With bike seats, I suspect current theory just doesn't match reality. We need better theories. Until we develop them, I think each of us needs to keep trying until we find what works for us.
philbob57 is offline  
Old 06-01-21, 03:01 PM
  #11  
Noonievut
Senior Member
Thread Starter
 
Join Date: Sep 2009
Posts: 661
Mentioned: 2 Post(s)
Tagged: 0 Thread(s)
Quoted: 148 Post(s)
Liked 46 Times in 36 Posts
Originally Posted by philbob57 View Post
Which SMP saddle do you use? They make seats with different levels of padding.

The SMP approach actually aims to have the pubic nerve and artery lie where the groove is and the soft bits (male or female) hang out over the nose. That prevents presure on the nerve, artery, and soft bits and thereby prevents numbness and other pain. (To confirm this, check the patent application, which contans an illustration of exactly this point.)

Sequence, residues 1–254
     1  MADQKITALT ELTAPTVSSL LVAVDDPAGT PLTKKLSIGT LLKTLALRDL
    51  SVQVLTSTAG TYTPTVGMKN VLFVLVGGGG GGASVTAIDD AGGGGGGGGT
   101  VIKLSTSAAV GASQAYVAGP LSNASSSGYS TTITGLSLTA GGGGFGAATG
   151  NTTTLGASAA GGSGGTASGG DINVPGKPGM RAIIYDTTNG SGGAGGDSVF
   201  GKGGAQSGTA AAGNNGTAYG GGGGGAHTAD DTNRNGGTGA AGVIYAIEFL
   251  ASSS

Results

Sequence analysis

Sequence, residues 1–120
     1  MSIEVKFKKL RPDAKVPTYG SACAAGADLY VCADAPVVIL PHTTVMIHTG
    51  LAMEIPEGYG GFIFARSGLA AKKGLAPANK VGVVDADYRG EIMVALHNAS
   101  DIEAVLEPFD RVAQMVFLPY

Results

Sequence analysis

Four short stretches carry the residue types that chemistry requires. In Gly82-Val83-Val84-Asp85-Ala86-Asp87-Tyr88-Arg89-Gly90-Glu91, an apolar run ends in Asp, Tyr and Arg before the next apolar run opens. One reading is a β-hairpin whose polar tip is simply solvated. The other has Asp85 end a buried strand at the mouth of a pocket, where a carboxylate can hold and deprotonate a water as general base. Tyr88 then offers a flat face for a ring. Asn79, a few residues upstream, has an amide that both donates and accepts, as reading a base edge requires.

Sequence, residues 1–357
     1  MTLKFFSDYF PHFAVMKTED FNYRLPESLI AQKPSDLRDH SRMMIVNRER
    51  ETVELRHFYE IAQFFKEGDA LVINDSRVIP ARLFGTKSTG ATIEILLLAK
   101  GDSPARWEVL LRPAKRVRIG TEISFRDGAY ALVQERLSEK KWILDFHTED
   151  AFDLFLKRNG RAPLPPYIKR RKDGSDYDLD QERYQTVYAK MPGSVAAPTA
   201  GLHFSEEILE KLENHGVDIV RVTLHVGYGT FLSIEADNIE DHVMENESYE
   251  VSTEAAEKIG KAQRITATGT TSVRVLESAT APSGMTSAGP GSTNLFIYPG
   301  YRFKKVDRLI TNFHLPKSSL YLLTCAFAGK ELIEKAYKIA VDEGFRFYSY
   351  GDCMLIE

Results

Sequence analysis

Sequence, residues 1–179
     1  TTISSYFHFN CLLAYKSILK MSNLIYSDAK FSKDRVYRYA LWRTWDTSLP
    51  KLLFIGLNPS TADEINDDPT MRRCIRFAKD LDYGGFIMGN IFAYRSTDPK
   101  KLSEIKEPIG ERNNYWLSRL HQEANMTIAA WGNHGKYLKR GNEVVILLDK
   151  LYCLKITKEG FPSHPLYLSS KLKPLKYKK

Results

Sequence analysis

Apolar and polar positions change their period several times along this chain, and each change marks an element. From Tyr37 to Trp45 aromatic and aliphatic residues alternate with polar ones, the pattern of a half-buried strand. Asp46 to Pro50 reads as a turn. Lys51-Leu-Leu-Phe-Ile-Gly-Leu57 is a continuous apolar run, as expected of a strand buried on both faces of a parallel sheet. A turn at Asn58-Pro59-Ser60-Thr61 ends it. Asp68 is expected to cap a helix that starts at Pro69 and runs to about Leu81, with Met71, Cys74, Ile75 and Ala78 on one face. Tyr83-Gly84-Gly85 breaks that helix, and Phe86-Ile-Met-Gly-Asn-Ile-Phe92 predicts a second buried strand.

I don't understand why Brooks-type leather saddles work. When they're new, the rider sits on the leather. The bones keep the soft tissue above the seat, so there's little to no pressure. But as butt and saddle break in, the rider's bones and weight create depressions in the leather, so there's the potential for pressure to hit the soft tissues. And yet the Brooks-type seats clearly work well for a lot of people.

A Brooks Imperial (with a cutout), which was invented over 100 years ago, was the best saddle I tried, but it was not good. Even a Selle SMP TRK, which has lots of padding, is much better for me. I tried a harder SMP, but it was too long for me, so I wen back to the TRK.